While putting my list together… I was more concerned about the people I would leave out. I’ve had some amazing teachers! I’m luckier than most, because I am able to see some of these people quite regularly and tell them how grateful I am for them!

A few people left comments on my last post and specifically named teachers that they feel are amazing! Here’s that list:

Jen Wagner said:

A teacher that needs to be noticed is Brent Coleyhttp://mrcoley.com/
He is encouraging his students to think daily and is showcasing their work for others to see.
He is encouraging his students to succeed by creating studycasts for their review before tests.
He is encouraging his students to share what they have learned by creating coleycasts which then can be used by other classrooms around the world.
He is encouraging his parents/fellowteachers/peers to keep in touch with him by providing a variety of ways to contact him.
He is encouraging other teachers by sharing what is is doing and how to do it. Plus, shares his resources freely.
His #1 goal is the success of each and every one of his students……individually and as a class.
He is a teacher to be watched. He is a teacher to be emulated. He is a teacher we should clone.

Kelly Tenkely said:

So here are just a few of the amazing teachers I have had the pleasure of working with:
Kerry– currently battling breast cancer (again) after being cancer free for 21 years. She takes the time to know each of her students personally. When she talks to her students she immediately drops to their level. She celebrates everyone of their successes and cheers them on when they are stumbling. Everything she does with the students is a learning adventure. She doesn’t settle for status quo.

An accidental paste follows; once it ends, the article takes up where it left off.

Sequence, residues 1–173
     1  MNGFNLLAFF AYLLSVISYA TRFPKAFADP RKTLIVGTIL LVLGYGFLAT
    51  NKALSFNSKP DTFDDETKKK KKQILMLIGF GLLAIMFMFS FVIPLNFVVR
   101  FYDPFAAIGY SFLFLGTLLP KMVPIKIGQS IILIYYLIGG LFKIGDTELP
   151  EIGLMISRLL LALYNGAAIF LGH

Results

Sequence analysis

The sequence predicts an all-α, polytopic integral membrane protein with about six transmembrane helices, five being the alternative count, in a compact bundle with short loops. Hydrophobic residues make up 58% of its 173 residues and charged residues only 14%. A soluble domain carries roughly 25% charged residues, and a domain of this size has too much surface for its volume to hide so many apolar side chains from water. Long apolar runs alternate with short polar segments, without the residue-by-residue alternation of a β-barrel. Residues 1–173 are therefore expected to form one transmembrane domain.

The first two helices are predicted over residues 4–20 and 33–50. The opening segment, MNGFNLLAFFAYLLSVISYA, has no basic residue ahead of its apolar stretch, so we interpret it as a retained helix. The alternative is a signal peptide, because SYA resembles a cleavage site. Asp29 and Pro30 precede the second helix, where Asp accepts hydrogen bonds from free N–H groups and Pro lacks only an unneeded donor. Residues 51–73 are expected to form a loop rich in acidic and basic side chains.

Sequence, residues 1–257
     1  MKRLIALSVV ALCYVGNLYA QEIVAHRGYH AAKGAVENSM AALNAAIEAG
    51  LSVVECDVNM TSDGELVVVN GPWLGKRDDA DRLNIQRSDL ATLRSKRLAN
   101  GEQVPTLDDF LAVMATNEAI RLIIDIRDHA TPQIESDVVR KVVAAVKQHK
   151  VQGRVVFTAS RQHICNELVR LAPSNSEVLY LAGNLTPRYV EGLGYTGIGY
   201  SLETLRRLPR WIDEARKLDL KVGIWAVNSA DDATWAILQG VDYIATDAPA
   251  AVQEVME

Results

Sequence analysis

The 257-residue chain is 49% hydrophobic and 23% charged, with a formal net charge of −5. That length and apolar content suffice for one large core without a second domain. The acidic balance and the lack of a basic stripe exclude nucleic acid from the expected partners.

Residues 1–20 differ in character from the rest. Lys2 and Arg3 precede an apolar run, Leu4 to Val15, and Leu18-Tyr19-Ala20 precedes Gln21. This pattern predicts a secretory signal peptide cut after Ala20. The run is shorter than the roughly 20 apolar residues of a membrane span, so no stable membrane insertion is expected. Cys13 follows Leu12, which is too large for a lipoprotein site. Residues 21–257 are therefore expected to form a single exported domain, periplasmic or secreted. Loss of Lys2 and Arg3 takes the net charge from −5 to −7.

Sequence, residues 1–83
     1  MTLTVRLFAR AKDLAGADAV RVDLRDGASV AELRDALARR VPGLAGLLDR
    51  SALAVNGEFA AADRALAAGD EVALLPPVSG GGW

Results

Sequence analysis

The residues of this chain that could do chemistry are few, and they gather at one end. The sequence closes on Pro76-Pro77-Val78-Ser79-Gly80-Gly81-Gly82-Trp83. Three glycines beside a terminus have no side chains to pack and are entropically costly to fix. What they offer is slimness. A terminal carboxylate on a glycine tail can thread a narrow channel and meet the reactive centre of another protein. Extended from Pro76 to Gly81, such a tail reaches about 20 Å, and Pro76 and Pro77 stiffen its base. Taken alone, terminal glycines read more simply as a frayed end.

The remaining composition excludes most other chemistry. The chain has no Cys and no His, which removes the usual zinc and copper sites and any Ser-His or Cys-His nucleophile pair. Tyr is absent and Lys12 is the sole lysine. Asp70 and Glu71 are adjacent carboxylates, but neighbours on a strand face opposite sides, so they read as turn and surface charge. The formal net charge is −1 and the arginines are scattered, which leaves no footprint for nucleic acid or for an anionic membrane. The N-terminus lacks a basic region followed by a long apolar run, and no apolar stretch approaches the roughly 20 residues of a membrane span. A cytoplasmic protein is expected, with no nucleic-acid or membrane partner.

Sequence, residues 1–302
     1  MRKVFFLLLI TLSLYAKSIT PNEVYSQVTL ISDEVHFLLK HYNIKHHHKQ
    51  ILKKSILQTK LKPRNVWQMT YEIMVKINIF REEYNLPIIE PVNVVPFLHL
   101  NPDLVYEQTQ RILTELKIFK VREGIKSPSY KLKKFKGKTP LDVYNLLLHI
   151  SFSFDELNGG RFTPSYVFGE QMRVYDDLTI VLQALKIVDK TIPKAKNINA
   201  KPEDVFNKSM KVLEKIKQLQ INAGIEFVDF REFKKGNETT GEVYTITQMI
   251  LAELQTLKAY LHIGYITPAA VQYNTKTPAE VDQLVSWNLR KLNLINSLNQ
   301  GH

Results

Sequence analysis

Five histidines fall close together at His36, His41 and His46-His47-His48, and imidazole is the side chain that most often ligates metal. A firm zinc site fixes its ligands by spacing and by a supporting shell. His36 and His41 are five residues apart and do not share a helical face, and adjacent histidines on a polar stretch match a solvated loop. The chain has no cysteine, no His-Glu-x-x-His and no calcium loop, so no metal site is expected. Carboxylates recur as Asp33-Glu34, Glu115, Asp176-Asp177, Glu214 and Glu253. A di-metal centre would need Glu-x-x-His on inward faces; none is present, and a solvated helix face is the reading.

Matthew– constantly challenges his students thinking. He doesn’t let them get away with the easy one word answer. He makes them question their beliefs and think critically. He helps them break free of the robot mentality and causes them to be real thinkers.
Susan– A P.E. teacher who believes that every student can shine and should try their best regardless of their athletic ability. She helps those kids who aren’t athletic feel valuable and encourages them to try everything. She celebrates them right where they are.
Karen– a librarian with a real passion for helping students discover that they love reading. She spends hours with them to discover their passions and interests so she can recommend a book they will love.
Christa– an art teacher that helps every student see the world through the eyes of an artist. She breaks down art into manageable pieces so that every single student feels success.

Mary Anne said:

I am drawn immediately to Heather Foster…a 3rd grade teacher here in town…she is able to encourage, challenge and nurture students at all levels in her room. Students who have had her previous years will say, yeah, I am in the Foster Family, and that is how they feel. They are free to experiment, reach, think and learn in her room. Mistakes are avenues to continue the learning and are celebrated. Each student is really motivated to do his/her best…
As a parent, I want her cloned…I want each child to have a chance to have a teacher who loves her job and loves them. The investment in each child is obvious to everyone around.

Lissa Metzler said:

My first year teaching I was fortunate enough to work with Gwen Baccus who with over 30 years of experience could work wonders with first graders. She had them writing amazing sentences, learning fractions, and one student who entered and won a speech competition. I learned a lot from her and her students were better people for having her.


Thanks to all the great teachers out there! You ARE appreciated more than you know!